Falling demand takes sheen off gold
By Sunitha Natti | ENS
21st October 2012 10:11 AM
It’s festive season, but 34-year-old Smriti Aggarwal is not content. An independent business consultant in Chennai, Smriti promised to treat herself with a ruby-studded gold necklace for Diwali, but the steep price of the yellow metal crashed her dreams.
“This is the second year in a row. Last year, I had set aside `1 lakh to buy gold but dropped the idea due to high prices and with the hope that prices will fall off-season. But they didn’t. This year too, it’s way beyond my means,” says Smriti, adding that she now prefers diamonds.
Like Smriti, consumers are either deferring purchases or turning away from gold. Jewellery sales account for over 70 per cent of the total gold demand in India and the falling consumer appetite seems to be taking the sheen off the metal regardless of the auspicious season.
According to Bombay Bullion Association, a body representing bullion traders, manufacturers and retailers, gold imports in 2012 are expected to drop nearly 25 per cent over last year. Poor liquidity, high inflation, fluctuating dollar, weak rupee and a hike in customs duty imposed in April are dragging sales.
As a result, gold demand dipped by more than a third to 383.2 metric tonnes in the first half of 2012. For the full year, gold imports are estimated to be between 650 tonnes and 700 tonnes, down from 933.4 tonnes in 2011. Incidentally, imports fell by 7 per cent in 2011 from an all-time high of 1,006.3 tonnes in 2010, reveals World Gold Council. “Sales are a bit subdued but demand and consumption will increase now. We anticipate sales will touch a peak this festive season,” says Sandeep Kulhalli, Vice-President, Retail and Marketing, Tanishq.
Jewellers take comfort in the fact that gold continues to be one of the safest investments and despite soaring prices, sales won’t be adversely affected during festive season. “This investment-led demand is driving growth. People are still buying gold as it’s the only liquid asset. Other assets such as land are not easy to dispose of when in need,” reasons TS Kalyanaraman, CMD, Kalyan Jewellers.
Apart from the safe-investment appeal, retailers are doing their bit to attract reluctant buyers. From ensuring minimum use of gold to keep it affordable to discounts on making charges and wastage, free gold and silver coins, lucky draws and more.
For instance, Tanishq announced 20 per cent discount on making charges of select 22k gold jewellery and up to 20 per cent on diamond jewellery above `2 lakh. Similarly, Kirtilal, another premier jeweller, announced a host of offers besides giving away diamond-studded necklaces and cash prizes.
Jewellers are also ringing in the festive spirit with new collections.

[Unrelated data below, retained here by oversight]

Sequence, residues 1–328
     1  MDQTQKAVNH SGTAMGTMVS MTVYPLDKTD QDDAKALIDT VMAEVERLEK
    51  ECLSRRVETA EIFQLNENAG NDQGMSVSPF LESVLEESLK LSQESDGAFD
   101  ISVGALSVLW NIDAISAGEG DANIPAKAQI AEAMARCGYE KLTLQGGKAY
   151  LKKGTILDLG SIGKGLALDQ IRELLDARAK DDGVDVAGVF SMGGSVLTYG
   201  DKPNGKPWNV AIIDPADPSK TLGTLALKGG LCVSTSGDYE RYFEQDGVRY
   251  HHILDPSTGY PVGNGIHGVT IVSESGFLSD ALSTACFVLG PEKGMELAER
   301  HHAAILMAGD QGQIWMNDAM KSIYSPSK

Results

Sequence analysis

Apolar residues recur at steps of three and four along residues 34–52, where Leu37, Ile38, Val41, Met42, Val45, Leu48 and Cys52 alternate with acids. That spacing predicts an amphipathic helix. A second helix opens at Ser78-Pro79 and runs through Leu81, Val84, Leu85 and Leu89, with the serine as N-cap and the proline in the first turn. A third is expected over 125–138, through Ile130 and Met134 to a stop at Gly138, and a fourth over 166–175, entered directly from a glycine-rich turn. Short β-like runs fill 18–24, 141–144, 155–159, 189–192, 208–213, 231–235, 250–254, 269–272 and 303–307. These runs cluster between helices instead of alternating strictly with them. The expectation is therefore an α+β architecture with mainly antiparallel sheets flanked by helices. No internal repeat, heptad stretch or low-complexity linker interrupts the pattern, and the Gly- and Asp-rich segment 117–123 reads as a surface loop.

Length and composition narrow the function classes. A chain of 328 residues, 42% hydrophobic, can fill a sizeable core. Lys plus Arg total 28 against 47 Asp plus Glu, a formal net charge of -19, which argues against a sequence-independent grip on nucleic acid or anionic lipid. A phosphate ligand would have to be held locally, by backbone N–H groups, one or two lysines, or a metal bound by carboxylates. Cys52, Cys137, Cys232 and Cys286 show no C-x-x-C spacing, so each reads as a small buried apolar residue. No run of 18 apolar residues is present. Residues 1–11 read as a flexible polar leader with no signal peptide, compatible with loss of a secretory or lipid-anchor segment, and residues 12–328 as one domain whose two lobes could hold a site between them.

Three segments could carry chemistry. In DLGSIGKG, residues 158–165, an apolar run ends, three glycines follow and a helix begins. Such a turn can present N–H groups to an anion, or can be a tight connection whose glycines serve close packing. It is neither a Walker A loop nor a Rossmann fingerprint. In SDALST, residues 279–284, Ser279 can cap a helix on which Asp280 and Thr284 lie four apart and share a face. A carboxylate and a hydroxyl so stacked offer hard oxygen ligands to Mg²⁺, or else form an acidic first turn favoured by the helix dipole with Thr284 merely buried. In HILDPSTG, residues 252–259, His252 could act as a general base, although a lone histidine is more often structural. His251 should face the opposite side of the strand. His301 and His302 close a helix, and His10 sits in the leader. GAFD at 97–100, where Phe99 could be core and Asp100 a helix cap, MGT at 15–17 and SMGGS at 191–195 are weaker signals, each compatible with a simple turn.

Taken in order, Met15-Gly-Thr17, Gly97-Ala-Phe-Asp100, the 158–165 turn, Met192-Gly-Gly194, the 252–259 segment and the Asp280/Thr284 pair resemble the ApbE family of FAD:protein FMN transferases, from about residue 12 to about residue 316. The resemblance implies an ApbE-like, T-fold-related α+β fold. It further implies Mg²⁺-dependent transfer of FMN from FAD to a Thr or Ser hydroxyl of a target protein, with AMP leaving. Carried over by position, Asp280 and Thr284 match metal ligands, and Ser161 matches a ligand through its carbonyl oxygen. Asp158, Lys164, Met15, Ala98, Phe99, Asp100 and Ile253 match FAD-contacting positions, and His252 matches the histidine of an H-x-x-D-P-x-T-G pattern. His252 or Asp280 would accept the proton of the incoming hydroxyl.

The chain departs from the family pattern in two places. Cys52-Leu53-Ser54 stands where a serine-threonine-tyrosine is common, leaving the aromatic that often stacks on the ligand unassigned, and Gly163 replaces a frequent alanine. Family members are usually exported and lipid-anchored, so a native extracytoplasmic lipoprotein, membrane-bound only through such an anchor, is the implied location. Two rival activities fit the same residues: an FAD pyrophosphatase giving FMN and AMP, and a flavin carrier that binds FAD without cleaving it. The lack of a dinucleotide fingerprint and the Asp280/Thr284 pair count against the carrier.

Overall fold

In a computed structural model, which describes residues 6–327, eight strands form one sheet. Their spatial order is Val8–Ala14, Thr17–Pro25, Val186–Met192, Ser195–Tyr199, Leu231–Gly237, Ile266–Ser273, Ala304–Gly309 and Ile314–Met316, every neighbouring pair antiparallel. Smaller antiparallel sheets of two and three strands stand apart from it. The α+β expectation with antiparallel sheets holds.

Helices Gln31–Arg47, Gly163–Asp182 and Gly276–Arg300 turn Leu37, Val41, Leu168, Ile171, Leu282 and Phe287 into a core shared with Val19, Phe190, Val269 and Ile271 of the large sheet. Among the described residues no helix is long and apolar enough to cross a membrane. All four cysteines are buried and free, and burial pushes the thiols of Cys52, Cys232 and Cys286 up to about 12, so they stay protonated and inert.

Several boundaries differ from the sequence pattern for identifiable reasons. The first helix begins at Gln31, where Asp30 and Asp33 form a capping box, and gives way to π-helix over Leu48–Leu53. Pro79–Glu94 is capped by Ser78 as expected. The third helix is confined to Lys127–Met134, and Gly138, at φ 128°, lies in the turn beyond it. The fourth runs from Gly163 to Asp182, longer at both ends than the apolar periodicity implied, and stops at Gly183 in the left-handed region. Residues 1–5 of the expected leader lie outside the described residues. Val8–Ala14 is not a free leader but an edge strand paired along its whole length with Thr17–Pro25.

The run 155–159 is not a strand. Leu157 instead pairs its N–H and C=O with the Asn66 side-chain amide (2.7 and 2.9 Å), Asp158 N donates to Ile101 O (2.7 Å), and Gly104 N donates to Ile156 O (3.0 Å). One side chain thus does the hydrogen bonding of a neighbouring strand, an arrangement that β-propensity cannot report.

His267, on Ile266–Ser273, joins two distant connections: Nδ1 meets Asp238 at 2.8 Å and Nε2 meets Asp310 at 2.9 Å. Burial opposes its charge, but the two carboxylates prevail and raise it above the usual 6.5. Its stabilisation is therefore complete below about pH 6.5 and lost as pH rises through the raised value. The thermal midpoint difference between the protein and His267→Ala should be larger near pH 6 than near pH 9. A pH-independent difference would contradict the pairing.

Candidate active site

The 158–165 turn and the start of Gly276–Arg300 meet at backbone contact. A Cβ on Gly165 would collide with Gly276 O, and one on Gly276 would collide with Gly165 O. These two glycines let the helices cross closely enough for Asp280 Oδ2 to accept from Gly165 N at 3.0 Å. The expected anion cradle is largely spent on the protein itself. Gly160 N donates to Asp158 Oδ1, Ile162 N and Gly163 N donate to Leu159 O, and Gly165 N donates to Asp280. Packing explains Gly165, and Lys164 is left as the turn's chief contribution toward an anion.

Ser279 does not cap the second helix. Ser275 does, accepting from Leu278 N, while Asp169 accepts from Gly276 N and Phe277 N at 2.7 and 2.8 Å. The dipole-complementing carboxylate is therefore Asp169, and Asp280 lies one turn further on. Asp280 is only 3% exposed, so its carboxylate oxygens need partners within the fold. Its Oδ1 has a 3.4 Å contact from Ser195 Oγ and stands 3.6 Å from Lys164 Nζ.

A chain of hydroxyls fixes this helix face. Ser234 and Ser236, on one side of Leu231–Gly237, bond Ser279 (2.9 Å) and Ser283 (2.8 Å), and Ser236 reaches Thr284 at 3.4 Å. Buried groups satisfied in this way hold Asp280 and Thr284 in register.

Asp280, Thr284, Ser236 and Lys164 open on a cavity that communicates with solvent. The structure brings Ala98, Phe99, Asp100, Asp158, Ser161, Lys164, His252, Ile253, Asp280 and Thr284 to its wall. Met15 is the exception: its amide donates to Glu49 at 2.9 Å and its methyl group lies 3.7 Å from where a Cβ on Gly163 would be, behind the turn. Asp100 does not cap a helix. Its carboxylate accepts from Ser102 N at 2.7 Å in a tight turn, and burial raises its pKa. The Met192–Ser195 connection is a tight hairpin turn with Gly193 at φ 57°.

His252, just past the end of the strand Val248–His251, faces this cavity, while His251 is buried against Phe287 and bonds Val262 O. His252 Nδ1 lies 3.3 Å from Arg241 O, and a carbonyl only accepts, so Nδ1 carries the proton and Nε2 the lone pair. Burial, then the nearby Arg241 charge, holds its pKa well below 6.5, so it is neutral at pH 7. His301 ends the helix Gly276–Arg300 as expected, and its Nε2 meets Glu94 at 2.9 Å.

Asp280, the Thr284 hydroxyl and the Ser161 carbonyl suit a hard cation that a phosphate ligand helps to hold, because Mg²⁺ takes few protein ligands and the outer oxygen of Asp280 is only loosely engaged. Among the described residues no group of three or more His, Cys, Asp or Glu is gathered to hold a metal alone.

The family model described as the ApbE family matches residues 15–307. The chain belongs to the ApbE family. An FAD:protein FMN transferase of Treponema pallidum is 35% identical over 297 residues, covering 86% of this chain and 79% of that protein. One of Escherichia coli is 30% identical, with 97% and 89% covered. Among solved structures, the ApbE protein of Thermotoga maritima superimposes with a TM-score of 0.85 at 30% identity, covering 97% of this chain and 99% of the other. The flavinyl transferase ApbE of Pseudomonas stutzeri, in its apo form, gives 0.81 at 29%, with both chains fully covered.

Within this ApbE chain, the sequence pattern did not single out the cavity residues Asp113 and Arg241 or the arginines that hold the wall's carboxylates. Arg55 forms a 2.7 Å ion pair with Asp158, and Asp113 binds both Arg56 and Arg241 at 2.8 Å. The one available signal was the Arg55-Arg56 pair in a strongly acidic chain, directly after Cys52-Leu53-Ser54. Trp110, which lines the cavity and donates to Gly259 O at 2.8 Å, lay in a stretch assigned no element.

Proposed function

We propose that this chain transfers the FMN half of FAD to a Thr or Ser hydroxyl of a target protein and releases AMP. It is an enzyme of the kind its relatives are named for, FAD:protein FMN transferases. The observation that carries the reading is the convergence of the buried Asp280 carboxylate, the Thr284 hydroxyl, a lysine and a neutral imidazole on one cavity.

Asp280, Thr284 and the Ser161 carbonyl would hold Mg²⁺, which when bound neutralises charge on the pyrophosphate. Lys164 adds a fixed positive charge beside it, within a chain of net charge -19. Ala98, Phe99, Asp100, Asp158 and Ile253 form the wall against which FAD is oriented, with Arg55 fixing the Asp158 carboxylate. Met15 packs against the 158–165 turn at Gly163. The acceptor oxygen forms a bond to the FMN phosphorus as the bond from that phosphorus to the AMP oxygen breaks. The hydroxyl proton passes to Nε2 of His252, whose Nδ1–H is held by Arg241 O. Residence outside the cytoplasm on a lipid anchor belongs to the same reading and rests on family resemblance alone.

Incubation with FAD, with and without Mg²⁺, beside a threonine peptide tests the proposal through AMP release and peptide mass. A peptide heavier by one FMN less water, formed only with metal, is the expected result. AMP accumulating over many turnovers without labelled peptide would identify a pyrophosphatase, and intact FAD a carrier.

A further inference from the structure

“Our strength has been trust, transparency and attractive designs that attract our customers. Our new collection offers adorable designs and a complete brand experience adding to customer delight,” says Shrikant Zaveri, CMD, Tribhovandas Bhimji Zaveri Ltd (TBZ).
Suraj Shantakumar, director, Kirtilal, adds that during the festive season, the retailers will add more merchandise in diamond and gold jewellery collection, which will have timeless variety of bangles, necklace, pendants, earrings and rings ranging in contemporary lightweight collections, traditional patterns and latest designs. Tanishq, which enjoys about 5-10 per cent market share, also launched ‘Mia Collections’ of diamonds priced `5,000 to `1 lakh, for urban women. Growing inclination towards large diamonds also made Tanishq launch a range of solitaries starting at `75,000.
While designing products, jewellers are parallely discovering new locations to sell. Market research firm Crisil says, tier-II and III cities are emerging as the new growth drivers. Jewellers are expected to expand over the medium-term with two or every three new stores coming up in smaller towns. Revenues from these towns are also expected to contribute about 55 per cent in 2013-14, up from about 45 per cent in 2010-11.
“Smaller showrooms and lower rentals will help retailers save around 25 per cent on operating costs. The favourable demand and cost structures in the smaller towns will help them attain early break-even and maintain profitability,” explains Subodh Rai, Senior Director, Bank Loan Ratings, Crisil.
Then there are leading branded jewellery retailers like Gitanjali Group who partnered with online fashion and lifestyle retailer Myntra.com to capture online shoppers. Over 500 products from nine leading diamond jewellery brands of Gitanjali—Asmi, D’damas, Diya, G Divas, Gili, Nakshatra, Parineeta, Sangini and World of Solitaire—will be up for sale on Myntra. Gitanjali is targeting sales of up to `150 crore through this partnership by 2016.
Mehul Choksi, CMD, Gitanjali, says, “We have always strived to increase the accessibility of our products and develop new channels for reaching the consumer. We have taken many e-commerce initiatives over the last few years, with our own websites and e-marketplaces.”
Online jewellery retail in India is currently at $70-80 million, which is less than half a per cent of $30 billion global jewellery retail market. But is expected to cross $1 billion in five years. Gitanjali aims to capture 15 per cent of this online market pie.
In what could be termed an evolving concept, Kirtilal is creating a virtual imagery of a product based on customer’s designs. “Customers can give their designs and with the help of the virtual imagery, they will have an idea on how it looks on them. This is a first of its kind in the market,” explains J Muruganandan, Store Operations Manager, Kirtilal Jewellers.
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